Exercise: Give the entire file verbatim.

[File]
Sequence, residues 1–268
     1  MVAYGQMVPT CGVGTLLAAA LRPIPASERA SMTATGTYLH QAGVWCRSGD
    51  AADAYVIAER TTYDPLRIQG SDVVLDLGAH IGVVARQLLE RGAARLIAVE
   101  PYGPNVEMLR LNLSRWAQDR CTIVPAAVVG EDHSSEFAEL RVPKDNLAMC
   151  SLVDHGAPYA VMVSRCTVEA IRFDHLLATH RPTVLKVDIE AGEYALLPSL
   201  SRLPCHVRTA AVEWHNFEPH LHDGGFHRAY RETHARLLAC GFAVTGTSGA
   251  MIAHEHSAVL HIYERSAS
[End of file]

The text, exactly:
Sequence, residues 1–268
     1  MVAYGQMVPT CGVGTLLAAA LRPIPASERA SMTATGTYLH QAGVWCRSGD
    51  AADAYVIAER TTYDPLRIQG SDVVLDLGAH IGVVARQLLE RGAARLIAVE
   101  PYGPNVEMLR LNLSRWAQDR CTIVPAAVVG EDHSSEFAEL RVPKDNLAMC
   151  SLVDHGAPYA VMVSRCTVEA IRFDHLLATH RPTVLKVDIE AGEYALLPSL
   201  SRLPCHVRTA AVEWHNFEPH LHDGGFHRAY RETHARLLAC GFAVTGTSGA
   251  MIAHEHSAVL HIYERSAS